By KATE COIL
Bluefield Daily Telegraph
Members of the McDowell County Commission are apparently divided over a proposed 9 percent increase in real estate and personal property taxes.
Commissioner Ray Bailey said Tuesday he is planning to vote against the tax increase, adding that citizens in the county cannot afford the additional financial burden. However, commission president Gordon Lambert said the increase is necessary in order to keep all aspects of the county government funded at their current levels.
The commissioners will hold a public hearing at 4 p.m. Thursday at the commission office in Welch to receive citizen input on the proposed tax increase. The commission is expected to vote on the measure following the public hearing, according to County Assessor Dennis Altizer.
“This is not my proposal; this is totally the county commission’s idea,” Altizer said. “They want to raise taxes on all classes of property including real and personal property taxes by 9 percent to bring in an estimated $328,972 in new taxes. This will impact business, property, automobiles and homes. The money is to be allocated for the regional jail and general commission use.”
Altizer said he is not personally in favor of the proposed increase.
“I am personally opposed to this tax increase,” Altizer said. “With the way the economy is going in the county now, this is not the time to increase taxes. People are paying more for electricity, gas and food. Wages are not going up. The economy of the county has been stagnant for years. This is a tax that will impact all classes of people across the board.”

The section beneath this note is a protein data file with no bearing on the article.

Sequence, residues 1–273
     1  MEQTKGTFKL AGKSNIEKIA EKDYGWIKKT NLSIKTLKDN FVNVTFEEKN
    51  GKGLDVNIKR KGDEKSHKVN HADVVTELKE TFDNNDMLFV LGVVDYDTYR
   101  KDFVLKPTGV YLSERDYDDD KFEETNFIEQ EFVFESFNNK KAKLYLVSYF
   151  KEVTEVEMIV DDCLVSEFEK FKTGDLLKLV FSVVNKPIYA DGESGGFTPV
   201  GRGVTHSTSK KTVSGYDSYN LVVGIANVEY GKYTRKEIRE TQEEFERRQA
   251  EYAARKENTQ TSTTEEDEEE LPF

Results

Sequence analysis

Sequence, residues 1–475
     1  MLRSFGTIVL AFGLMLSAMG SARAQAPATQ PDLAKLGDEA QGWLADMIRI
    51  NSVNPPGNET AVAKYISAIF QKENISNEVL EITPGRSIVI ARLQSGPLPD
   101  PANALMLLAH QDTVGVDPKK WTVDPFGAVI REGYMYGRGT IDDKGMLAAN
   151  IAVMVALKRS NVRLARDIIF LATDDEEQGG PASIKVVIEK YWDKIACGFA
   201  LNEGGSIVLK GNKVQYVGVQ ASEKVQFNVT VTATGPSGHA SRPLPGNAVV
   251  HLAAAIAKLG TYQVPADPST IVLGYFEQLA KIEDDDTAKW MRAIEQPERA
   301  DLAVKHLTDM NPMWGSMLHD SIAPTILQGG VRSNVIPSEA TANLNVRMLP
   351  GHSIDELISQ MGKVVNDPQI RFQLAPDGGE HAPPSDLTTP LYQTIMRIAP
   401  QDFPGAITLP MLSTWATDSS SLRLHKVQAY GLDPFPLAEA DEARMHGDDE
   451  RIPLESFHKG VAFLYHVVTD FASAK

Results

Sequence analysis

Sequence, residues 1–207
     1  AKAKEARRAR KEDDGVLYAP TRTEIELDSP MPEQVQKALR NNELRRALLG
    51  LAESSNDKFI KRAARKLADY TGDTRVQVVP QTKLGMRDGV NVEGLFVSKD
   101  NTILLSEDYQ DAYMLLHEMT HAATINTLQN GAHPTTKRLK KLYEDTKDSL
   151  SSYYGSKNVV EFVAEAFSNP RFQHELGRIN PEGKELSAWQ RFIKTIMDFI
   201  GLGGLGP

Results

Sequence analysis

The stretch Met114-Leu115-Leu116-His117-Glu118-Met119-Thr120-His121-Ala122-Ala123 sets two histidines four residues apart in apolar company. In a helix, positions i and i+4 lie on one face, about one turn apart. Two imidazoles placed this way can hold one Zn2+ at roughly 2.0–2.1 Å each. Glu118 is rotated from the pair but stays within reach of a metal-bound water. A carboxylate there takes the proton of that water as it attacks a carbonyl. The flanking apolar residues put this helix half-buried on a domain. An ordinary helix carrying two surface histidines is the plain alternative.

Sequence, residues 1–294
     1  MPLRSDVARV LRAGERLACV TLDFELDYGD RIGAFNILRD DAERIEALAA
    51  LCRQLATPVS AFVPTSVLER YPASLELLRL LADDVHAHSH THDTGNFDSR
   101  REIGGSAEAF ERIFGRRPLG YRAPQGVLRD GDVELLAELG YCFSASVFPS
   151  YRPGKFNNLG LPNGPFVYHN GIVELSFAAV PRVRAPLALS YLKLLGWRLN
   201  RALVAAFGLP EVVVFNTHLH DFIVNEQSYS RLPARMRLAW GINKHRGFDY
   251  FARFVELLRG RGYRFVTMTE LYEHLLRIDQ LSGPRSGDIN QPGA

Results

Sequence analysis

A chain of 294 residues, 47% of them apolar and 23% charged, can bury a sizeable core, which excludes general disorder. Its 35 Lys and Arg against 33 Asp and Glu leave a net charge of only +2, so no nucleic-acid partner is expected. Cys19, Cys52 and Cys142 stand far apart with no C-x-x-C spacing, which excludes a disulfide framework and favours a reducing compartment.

Bailey, one of the three elected commissioners, said he wants to see increased financial accountability on the commission before voting to raise property taxes.
“I don’t think they (citizens) can afford it,” Bailey said. “Half of our citizens living in the county are on welfare, Social Security or whatever. They are on fixed incomes. Taking money out of their pockets now — they can’t afford it. Appalachian (Power) is requesting another increase, and they are probably going to get it. Everything is increasing. Gas is increasing. And raising (taxes) is not the answer.”
Bailey said there needs to be increased financial accountability among the commissioners and other elected officials before taxes are raised.
However, Lambert said the tax hike is necessary in order to keep all aspects of the county government funded to their current levels.
“Many people don’t like to see taxes going up, but the cost of health insurance, Social Security, retirement and PEIA for the county has gone up,” Lambert said. “This will cover the costs for those expenses. Our county has one of the lowest rates in the state currently. We will only be charging about 10 percent while every other county in the state charges at least 14 percent. We lowered our rates years ago because of the gas well drilling in the country, but now we have to bring up the amount we are collecting. Most of the people won’t even notice this increase.”
Lambert said if the increase is passed it will go into effect on July 1 at the start of the county’s fiscal year.
“I am definitely in favor of this increase,” he said. “This increase came about as something we needed during our budget hearings. Everyone wants more money and this increase is just to cover our budget as it is.”